About Me

My photo
Just a meandering soul sharing my backyard. Visit my Flickr page too! www.flickr.com/photos/meanderingwa/

Thursday, April 19, 2012

Waterworks Canyon

Early last Sunday I left The Dalles and headed for Yakima.  I found a series of caches placed in a canyon west of town which would take me to someplace new.  I had never heard of Waterworks Canyon .  This is just the thing I had hoped Geocaching could do for me, take me to new and different areas.

The trail head is just past the junction where Hwy 12 and 410 split on their way to Mt Rainier and the trail climbs Waterworks Canyon up into the Oak Creek Wildlife Management Area.  I was happy to find early blooming Balsamroot.  There are always bugs in the Balsamroots and yet again, the olive drab spotted bugs were here in abundance.  I have still not been able to find the name of these bugs, but they are everywhere in the Balsamroots.

Low in the canyon the slope is softly edged and grassy.  They is a noisy creek that the trail follows and today it is sunny and absolutely windless.  A fine change from the day before.

It is early in the blooming season yet, but I did find a few violets and some pretty vetch.  Got another happy bug photo, too!

Further along, Mertensia bluebells were just getting started.  There are several types that grow in the state, I believe these are long flowered , longiflora

The placer of many of the caches along this trail made sure to point out areas of interest and things that might be seen.  He warned about rattlesnakes and I made sure when reaching into holes and rock piles to use a poking stick to rouse a snake that might have slept in.

I didn't see a single slithery thing except a Horned Toad.  Better luck next time, I guess.

But at the box called "A Good Place To Rest" I did spy some gems.  He mentioned that seeing Big Horned Sheep was possible and sure enough, high on the ridge line I saw one, then two then more and more.

Across the canyon I saw deer, equally high up.

The way continued up and the land form transitioned from soft rolly slope to sharp volcanic stone.  There were some stone arches and many spires.  Footing was sometimes rubble with pumice and other rock types

One cache was hidden in a ledge in a rock wall.  It required a little climb up.  All the stone here is covered in lichens.

I can imagine a native hunter spending a safe night in this alcove.

One fun discovery along the way was Chukar.  These game birds are reluctant to fly and usually run away.  If you are lucky they will make a small gabbling type sound and you can spot them, otherwise they blend in pretty well.  Poor Chukar, they are not the brightest of birds and often then will fly down a hill then walk back up.

Can you spot him there in the rocks at the bottom?

About half way along the trail someone had placed a box high on a ridge than branched off from the canyon.  As this is fine open country, you do not really need a trail and I decided to try a bee-line navigation straight up the ridge.  It was a good solid workout and just the thing I need.  The view down to the canyon floor was pretty impressive.  It is hard to appreciate it here, but those trees along the creek are actually pretty tall.  This was a good solid 1000+ feet up.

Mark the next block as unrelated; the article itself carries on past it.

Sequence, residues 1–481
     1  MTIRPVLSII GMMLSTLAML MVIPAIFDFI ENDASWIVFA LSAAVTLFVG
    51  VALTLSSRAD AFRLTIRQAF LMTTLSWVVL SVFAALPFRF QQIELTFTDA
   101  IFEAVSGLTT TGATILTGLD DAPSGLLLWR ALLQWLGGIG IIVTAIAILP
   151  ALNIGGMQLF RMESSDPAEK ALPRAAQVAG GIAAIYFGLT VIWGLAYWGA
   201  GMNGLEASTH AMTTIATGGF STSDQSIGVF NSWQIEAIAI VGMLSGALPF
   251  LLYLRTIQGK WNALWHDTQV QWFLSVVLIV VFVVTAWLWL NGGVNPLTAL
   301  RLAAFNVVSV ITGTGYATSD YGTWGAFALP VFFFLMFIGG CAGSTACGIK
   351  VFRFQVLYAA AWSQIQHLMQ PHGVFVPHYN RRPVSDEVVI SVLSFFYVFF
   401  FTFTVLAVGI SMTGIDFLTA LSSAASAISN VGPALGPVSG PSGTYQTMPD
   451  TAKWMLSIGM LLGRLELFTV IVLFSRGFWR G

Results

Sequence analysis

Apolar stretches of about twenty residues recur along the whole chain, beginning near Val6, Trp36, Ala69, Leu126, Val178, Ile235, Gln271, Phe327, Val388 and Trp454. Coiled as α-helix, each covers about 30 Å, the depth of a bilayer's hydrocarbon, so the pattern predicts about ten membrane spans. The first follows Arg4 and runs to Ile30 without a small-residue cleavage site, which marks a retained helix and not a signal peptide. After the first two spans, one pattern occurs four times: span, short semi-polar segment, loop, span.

I followed a lot of hoof prints figuring the sheep and deer likely knew the best footing and the easiest way.  They were pretty correct.  When I got to the top I saw where the canyon trail actually rose to parallel the slope, so I could have gained some elevation a little easier by following the trail further before attacking the slope.  Ah well that is hindsight, I guess.

I trekked to the end of the line.  From there I could see that you could simply climb out of the canyon and camp on top of the plateau.

It was a fine hike.  I met one other couple along the way and they went as far as I did, reluctant to proceed up the final slope without a trial.

What a great end to the weekend.  As I descended the sun started to make its presence known.  This dry area always feels extra warm and when I hike over in this area I always like to finish before the blazing heat of 2pm.  These little lenticular clouds are not going to help block the sun.

A great little hike.  A little excitement as I attacked that tough slope.  A little challenge of navigating some tricky rocky places.  Fun animal sightings, some pretty flowers and even some bugs.

I evicted a tick, found walking along my steering wheel.  Clearly it climbed from my arm and I am sure the good people of Ellensburg will not mind that I ejected this freeloader on the freeway interchange.

I still feel a little creepy crawly.


  1. Only you would call t"a little hike." Interesting as always to sit here comfortably and follow you along. Maybe those bird feel a need for exercise, walking up the hills. I have had a wonderful experience with observing Big Horn Sheep in Wyoming in the rutting season. An unforgettable experience.

  2. Missed this post somehow or other - beautiful country and excellent photos, Marti. Looks like another "must see" place. We are headed for Rainier Friday and then on to Yelm for the WaNOS hike. Understand that Longmire to Paradise is open and we shall have to be satisfied with that.